After a second victim of a fatal Minneapolis fire was identified on Thursday, Minneapolis city officials say they are preparing to roll out a new system that will increase the frequency of inspections for buildings with a history of violations.
Andrew Gervais, 26, died of smoke inhalation and burns, the Hennepin County Medical Examiner reported. The building where Gervais and five others died had recently been cited for fire code violations. Apartments on the upper floor hadn't been inspected in 16 years.
Minneapolis holds more than 19,000 buildings with rental licenses, ranging from single-family homes to 100-unit buildings. Each has to be inspected to make sure they are in compliance with city housing codes.
Janine Atchison, a manager in the city's housing inspections department, said some properties need to be inspected more often than others. The city is developing a multi-level approach. "[It would] basically identify properties that have reached a level of concern because of lack of maintenance that we'd want to ... make sure we're inspecting them annually," Atchison said.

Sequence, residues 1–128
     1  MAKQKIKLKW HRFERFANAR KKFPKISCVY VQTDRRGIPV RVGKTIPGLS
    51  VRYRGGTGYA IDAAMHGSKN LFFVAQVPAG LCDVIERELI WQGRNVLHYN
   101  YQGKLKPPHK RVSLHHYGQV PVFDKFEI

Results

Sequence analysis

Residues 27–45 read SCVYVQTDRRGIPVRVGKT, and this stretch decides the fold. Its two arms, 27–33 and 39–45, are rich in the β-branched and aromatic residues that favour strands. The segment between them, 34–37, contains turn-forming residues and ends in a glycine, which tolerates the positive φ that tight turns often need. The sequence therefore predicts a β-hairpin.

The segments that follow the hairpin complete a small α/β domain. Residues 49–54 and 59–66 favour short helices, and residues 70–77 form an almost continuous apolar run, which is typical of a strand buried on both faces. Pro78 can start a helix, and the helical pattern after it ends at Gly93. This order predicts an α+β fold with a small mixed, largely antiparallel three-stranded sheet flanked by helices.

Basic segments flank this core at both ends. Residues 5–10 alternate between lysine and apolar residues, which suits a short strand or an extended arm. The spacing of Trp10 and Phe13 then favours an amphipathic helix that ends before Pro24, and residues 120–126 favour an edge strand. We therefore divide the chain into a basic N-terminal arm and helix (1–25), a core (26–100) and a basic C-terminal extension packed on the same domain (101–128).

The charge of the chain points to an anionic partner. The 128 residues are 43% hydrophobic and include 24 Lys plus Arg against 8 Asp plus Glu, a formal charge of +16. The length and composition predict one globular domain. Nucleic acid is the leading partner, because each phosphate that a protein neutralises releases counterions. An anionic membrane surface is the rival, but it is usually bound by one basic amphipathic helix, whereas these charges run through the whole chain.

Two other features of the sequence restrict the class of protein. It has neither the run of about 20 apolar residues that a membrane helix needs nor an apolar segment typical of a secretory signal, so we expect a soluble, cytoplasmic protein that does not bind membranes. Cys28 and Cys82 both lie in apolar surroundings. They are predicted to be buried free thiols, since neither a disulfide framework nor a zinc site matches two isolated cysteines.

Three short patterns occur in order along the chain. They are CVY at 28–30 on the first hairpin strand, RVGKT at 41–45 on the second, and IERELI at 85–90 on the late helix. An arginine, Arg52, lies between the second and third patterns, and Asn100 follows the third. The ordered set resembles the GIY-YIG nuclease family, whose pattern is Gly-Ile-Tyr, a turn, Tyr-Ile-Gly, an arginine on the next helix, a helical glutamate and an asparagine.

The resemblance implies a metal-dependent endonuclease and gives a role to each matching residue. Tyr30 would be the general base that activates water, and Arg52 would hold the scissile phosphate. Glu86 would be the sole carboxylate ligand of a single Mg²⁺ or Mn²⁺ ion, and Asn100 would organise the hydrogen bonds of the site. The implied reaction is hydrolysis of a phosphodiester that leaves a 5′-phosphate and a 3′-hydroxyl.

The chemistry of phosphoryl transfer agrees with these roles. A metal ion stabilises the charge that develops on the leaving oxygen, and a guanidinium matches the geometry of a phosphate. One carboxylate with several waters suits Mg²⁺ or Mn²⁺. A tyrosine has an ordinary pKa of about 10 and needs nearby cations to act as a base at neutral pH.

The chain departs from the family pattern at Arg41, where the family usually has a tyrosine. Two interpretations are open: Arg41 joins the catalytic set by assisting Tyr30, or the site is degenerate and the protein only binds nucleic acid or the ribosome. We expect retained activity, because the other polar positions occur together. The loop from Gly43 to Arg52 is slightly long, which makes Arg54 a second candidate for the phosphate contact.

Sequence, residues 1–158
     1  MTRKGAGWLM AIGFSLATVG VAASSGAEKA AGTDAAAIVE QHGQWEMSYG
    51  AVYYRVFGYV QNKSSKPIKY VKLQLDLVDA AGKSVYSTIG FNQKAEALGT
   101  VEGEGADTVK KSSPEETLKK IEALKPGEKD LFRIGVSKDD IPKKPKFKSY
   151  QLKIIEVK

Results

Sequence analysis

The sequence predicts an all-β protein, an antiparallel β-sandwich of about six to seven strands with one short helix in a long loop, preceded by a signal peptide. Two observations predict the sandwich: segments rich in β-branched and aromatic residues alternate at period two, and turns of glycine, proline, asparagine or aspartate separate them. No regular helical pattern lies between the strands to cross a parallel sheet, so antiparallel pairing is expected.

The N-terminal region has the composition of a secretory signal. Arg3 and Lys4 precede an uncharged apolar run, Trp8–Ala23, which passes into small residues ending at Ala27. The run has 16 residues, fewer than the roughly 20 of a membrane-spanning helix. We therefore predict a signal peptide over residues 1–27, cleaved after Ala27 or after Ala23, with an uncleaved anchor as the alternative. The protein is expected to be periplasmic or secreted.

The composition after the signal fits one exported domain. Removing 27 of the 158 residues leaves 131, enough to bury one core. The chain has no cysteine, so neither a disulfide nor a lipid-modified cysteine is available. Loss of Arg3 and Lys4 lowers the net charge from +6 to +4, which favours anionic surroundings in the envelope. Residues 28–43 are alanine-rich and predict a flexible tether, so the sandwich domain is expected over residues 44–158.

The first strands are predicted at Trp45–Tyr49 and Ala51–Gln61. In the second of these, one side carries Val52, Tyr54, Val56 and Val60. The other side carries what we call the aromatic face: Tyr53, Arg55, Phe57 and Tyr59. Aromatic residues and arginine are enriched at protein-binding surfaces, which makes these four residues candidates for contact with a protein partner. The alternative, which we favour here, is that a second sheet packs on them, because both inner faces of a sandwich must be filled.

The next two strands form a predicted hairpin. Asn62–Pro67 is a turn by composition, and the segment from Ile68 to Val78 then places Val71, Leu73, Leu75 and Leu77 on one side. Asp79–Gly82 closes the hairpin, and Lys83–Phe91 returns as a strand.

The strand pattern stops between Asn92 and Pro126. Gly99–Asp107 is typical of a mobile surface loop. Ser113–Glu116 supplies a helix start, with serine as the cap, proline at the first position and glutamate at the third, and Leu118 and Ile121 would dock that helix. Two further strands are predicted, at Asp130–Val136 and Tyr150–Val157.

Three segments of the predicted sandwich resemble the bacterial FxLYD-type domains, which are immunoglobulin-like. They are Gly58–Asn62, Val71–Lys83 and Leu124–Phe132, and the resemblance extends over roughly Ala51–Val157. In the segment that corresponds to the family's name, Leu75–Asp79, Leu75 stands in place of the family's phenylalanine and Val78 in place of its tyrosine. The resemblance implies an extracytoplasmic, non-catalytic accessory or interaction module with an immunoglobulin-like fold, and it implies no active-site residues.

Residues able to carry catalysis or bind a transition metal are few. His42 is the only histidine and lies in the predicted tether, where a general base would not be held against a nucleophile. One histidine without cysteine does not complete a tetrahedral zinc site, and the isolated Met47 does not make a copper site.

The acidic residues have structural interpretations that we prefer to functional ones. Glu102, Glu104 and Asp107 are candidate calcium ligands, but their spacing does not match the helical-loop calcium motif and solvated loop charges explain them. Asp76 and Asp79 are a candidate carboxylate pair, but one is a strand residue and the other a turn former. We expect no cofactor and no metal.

Atchison said right now most rental properties are on a five to six-year inspection cycle. However, the upper floor of the building that burned down last week was overdue for an inspection -- even though the main floor had been examined.
Atchison said under the new system, the whole building would likely have been targeted for more frequent inspections.
The system will give both firefighters and housing inspectors the history of a building's code violations. That's important because they are often looking for the same kinds of problems.
Atchison said the new tiered inspection system was in the works well before last week's fire. She said the new system is designed to focus resources where they are needed most and should be ready in a year from now.
"I think changes need to be made in our standard operating procedures," she said.
Minneapolis City Councilman Gary Schiff represents the ward where the fire occurred and said he's particularly disturbed to hear reports that a tenant in the building had complained about potential fire hazards and then canceled multiple appointments with inspectors.
"We need to make sure that anytime substantial, life safety complaints are raised, that we check them out ourselves and we don't allow any tenant to cancel an inspection," he said. "That inspection never should have been canceled."
Schiff said other, more immediate changes may come about after the arson squad completes its investigation of the fire. The probe is ongoing.